The Google Revolutionary Brigade has reportedly offed an anonymous employee who had the temerity to pen a 10-page memorandum suggesting that Google’s diversity policies were based on bad science and worse political bias. Instead of responding to the memo with an explanation of why the employee was wrong, or pointing out that the employee should have addressed his concerns through proper channels, or pointing to a viewpoint-free standard of behavior that this employee violated, Google simply offed the guy.
According to Bloomberg, Google CEO Sundar Pichai stated that the post had violated “the line by advancing harmful gender stereotypes in our workplace … To suggest a group of our colleagues have traits that make them less biologically suited to that work is offensive and not OK.”
“Not OK” is code for “take him out to the stake at dawn and light a fire.”
Here’s the problem: Pichai’s statement isn’t an accurate depiction of the memo. At no point did the memo author claim that women working at Google were somehow less than men; he suggested that disparity in hiring and pay could be due not to discrimination, but to differences, on average, between men and women. That was not a castigation of any individual women.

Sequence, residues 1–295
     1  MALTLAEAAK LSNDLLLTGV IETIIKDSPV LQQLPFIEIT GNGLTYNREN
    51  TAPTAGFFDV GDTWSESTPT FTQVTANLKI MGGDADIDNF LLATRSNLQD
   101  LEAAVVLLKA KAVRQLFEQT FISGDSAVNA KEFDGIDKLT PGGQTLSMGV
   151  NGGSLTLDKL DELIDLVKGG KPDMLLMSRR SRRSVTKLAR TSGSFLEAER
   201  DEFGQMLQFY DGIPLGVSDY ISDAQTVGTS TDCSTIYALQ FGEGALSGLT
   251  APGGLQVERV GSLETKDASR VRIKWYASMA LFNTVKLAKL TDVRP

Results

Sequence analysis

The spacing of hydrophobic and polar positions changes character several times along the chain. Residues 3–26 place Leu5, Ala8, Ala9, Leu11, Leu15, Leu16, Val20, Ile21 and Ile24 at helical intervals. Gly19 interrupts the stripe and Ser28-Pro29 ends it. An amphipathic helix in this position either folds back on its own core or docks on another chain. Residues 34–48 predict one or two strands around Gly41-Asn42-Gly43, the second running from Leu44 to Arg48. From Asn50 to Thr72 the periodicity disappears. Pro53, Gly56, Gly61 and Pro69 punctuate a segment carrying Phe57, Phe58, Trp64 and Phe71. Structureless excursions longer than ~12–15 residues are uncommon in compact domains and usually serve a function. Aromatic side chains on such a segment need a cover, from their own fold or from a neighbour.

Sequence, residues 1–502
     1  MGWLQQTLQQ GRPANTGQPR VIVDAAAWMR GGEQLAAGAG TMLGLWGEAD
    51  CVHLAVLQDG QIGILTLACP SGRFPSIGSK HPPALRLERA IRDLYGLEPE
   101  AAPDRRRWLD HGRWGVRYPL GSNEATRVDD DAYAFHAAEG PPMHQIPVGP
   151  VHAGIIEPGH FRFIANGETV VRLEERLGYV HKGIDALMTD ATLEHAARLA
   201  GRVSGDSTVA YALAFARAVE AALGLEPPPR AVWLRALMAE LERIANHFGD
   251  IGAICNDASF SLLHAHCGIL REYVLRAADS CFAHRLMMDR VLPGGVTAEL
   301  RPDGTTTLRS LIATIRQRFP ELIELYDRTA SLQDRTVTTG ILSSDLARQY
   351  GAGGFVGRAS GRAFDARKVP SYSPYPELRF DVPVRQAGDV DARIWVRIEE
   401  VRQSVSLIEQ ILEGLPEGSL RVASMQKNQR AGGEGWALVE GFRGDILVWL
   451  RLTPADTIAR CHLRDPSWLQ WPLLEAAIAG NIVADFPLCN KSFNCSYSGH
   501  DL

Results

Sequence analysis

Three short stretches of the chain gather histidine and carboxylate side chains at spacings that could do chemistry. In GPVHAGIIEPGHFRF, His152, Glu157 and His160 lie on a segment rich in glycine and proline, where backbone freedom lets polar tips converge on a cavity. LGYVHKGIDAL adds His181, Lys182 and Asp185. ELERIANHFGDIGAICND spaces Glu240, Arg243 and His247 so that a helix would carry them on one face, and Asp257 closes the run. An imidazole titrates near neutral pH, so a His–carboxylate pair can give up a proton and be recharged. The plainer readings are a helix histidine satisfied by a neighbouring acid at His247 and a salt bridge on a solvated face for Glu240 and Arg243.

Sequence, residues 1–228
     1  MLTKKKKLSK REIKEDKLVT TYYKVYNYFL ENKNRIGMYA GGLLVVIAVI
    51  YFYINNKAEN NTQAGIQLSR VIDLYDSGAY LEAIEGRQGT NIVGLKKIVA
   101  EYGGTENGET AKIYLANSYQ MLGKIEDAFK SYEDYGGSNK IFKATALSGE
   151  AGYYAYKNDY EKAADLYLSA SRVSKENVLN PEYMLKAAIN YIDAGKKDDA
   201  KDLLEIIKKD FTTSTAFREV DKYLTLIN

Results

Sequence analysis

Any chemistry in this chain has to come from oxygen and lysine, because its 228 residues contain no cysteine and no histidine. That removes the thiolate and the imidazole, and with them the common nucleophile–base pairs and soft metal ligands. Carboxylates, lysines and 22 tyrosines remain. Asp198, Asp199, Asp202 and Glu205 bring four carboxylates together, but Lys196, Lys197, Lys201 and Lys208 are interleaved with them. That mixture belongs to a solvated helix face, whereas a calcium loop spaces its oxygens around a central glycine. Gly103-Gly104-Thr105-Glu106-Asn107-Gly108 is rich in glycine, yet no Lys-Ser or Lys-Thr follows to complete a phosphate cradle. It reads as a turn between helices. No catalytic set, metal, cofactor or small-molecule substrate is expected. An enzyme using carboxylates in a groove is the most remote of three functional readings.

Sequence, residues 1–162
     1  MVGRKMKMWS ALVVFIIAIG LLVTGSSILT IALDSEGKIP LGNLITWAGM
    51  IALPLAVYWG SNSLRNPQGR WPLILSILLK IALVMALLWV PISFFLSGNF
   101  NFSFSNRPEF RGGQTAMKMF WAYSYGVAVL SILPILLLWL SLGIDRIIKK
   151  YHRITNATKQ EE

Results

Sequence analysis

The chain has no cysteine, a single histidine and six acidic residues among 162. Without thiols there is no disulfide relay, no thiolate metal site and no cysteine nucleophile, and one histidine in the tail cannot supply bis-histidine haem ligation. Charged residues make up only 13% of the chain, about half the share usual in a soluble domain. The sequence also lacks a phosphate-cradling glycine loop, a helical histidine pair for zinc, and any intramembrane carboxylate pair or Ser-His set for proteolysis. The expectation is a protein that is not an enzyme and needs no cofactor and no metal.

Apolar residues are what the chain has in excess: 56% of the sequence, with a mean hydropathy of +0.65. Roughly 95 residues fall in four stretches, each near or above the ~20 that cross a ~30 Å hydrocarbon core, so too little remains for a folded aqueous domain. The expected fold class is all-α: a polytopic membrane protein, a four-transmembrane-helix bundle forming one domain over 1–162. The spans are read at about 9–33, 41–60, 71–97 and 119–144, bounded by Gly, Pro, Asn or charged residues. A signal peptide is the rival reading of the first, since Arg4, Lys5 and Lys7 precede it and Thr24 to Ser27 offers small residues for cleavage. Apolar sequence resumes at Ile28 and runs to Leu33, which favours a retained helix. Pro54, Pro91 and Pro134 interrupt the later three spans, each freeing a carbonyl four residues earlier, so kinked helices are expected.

James Damore, the author of the memo, told Bloomberg he had indeed been fired on grounds of “perpetuating gender stereotypes.” Which is weird, since gender stereotypes are the basis for Google’s “diversity policy,” which suggests that more women must be hired in order to enrich the workplace. If men and women are identical, no such diversity policy would be necessary or praiseworthy.
All of this proves that Damore was absolutely right that Google has a blindered view of politics that hinders their capacity to engage in business. Google has been accused in the past of biasing search results toward the Left, and they’ve long been accused of promoting political leftism as opposed to a free and open diversity of thought.
Google is a private corporation; they have every right to do what they want. But if dissenting from the company political line at a supposedly non-political company is enough to get James Damore and Brendan Eich of Mozilla fired, polarization of our corporate culture is only going to get worse. And that polarization will one day lead to completely parallel worlds for Left and Right that will exacerbate differences to the point of open conflict, as it has on college campuses.